“The Stone and Bronze Ages are so called because most implements were made of those particular materials. The asset of plastics is that, unlike precious metals and stones, it is a universal material, available to everyone. Synthetic resin is transformed into articles that can be exclusive and expensive, or cheap rubbish.” / Penny Sparke: The Plastics Age
This book sets out to explain the difference between the major types of plastics, their historical context and the value they manifest. It illustrates the history of plastics, traces their use and development in the past, to envision its future.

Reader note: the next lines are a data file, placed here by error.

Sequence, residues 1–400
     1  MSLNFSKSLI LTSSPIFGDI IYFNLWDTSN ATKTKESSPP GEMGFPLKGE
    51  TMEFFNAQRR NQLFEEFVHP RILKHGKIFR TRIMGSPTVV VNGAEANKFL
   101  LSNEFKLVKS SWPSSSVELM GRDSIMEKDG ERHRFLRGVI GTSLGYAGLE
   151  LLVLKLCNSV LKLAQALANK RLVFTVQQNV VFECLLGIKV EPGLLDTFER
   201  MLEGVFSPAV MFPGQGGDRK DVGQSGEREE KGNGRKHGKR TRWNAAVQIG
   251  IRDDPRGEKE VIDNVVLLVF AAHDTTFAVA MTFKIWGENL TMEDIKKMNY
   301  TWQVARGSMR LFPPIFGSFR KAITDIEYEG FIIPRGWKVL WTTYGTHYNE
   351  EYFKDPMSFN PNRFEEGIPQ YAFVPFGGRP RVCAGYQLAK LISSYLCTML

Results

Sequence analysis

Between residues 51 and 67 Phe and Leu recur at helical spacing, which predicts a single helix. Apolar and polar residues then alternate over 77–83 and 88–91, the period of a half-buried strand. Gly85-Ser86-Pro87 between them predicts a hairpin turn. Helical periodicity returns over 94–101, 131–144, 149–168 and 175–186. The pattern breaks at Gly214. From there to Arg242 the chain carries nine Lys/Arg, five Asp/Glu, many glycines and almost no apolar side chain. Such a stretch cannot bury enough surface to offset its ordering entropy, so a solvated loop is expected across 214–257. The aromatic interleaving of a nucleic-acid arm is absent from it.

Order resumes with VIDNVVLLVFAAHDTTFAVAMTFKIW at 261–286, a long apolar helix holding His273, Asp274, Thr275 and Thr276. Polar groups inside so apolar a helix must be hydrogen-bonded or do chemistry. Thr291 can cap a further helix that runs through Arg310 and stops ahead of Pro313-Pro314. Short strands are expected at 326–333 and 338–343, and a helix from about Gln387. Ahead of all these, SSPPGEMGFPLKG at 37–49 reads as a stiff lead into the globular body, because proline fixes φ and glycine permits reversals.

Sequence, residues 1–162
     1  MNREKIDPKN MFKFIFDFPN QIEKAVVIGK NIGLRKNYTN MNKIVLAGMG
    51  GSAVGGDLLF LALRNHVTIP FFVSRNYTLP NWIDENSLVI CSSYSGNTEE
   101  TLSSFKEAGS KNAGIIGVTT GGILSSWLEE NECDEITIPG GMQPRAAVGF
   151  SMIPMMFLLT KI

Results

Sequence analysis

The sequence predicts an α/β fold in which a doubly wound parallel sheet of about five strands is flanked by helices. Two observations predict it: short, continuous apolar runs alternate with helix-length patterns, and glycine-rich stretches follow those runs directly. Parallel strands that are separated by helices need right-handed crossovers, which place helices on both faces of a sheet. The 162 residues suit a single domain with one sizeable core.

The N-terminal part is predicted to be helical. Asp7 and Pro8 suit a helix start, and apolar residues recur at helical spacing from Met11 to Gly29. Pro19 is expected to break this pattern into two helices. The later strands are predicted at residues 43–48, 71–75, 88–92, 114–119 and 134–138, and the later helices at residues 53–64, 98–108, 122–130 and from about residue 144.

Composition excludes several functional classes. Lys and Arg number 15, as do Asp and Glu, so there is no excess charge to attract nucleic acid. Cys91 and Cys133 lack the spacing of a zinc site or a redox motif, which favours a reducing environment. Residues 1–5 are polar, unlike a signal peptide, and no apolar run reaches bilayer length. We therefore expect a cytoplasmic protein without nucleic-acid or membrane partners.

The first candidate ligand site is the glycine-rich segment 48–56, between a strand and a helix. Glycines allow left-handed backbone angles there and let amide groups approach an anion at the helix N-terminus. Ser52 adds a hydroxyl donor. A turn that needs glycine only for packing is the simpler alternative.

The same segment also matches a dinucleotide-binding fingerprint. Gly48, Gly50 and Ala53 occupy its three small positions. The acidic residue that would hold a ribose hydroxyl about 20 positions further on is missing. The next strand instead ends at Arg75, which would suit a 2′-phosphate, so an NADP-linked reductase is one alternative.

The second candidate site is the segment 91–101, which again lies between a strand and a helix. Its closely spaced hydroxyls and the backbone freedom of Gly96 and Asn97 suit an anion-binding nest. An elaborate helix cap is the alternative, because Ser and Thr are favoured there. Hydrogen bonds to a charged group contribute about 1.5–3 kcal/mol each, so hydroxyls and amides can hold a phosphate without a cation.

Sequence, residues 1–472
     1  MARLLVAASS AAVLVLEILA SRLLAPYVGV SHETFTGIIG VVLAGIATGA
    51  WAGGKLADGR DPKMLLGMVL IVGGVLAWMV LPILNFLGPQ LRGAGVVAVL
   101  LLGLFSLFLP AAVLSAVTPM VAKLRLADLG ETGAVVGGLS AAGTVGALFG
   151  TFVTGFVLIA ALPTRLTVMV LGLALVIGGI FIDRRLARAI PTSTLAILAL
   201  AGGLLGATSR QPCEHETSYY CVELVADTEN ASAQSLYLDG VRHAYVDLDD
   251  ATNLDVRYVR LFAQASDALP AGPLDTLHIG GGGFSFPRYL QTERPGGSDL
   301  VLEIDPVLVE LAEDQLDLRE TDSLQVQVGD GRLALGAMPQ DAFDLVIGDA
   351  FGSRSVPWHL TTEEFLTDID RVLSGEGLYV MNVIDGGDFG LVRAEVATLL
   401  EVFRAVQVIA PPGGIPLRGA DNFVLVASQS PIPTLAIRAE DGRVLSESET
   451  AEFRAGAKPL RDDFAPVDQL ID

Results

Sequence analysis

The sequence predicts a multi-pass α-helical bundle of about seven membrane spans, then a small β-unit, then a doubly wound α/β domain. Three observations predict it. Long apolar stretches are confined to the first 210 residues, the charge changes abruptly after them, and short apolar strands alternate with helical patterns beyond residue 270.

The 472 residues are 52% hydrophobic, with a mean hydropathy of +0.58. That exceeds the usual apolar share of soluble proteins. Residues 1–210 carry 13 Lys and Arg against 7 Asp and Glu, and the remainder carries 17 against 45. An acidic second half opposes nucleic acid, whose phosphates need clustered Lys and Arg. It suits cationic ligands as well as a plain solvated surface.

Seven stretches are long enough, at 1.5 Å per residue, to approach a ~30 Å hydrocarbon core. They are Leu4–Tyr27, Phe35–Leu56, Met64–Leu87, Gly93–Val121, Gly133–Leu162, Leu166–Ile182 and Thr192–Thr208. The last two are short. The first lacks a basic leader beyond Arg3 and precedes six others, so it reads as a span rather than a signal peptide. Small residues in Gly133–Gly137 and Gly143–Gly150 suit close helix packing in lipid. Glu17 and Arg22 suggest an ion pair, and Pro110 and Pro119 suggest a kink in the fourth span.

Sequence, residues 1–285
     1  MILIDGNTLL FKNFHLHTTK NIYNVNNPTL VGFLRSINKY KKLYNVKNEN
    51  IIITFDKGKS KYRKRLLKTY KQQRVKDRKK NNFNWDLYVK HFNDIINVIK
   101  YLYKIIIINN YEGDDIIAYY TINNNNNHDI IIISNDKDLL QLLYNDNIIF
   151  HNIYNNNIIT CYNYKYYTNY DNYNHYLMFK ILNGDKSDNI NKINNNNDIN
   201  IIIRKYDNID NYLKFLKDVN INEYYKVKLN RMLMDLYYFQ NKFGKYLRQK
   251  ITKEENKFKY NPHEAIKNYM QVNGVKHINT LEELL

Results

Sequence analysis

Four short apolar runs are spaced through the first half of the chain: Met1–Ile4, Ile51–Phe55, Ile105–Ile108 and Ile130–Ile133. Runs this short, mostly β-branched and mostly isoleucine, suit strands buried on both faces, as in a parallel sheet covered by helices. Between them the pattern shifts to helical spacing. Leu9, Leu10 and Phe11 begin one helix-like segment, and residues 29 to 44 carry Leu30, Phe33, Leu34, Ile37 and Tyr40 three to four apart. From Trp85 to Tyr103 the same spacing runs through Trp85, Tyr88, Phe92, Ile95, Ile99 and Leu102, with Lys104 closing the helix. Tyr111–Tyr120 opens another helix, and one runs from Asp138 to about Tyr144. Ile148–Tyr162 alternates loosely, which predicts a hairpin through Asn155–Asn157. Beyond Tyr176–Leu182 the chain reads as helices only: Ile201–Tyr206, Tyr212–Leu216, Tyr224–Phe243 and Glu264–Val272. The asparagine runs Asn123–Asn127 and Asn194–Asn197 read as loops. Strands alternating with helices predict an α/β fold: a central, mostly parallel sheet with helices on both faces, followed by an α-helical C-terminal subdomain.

The project began with the idea to put an underappreciated material on a pedestal, in an attempt to make it seem luxurious, and, thus, affect people’s opinion on it. I chose plastic because it is a material the value of which has changed a number of times throughout history; the story of plastics is one that reflects the story of humankind itself. By looking at plastics from an archaeological point of view, I imagine a future where plastics are no longer produced and become a resource found underground, a relic of long gone days. Already today, the earliest items in this material, not being made anymore, are seen as luxury goods, while, at the same time, we carelessly bin plastic wrappings every day, only proving that scarcity is luxury. The project resulted in an encyclopedia that I call The Cabinet Of Anthropogenic Specimens, where I present plastics as gemstones dating back to the era of Anthropocene to educate our future and present selves about the different types of this man-made fossil that will be ‘found’. By portraying plastic as a valuable jewel, I hope to make us see it as such, to reconsider its application as disposables and question our throwaway attitude.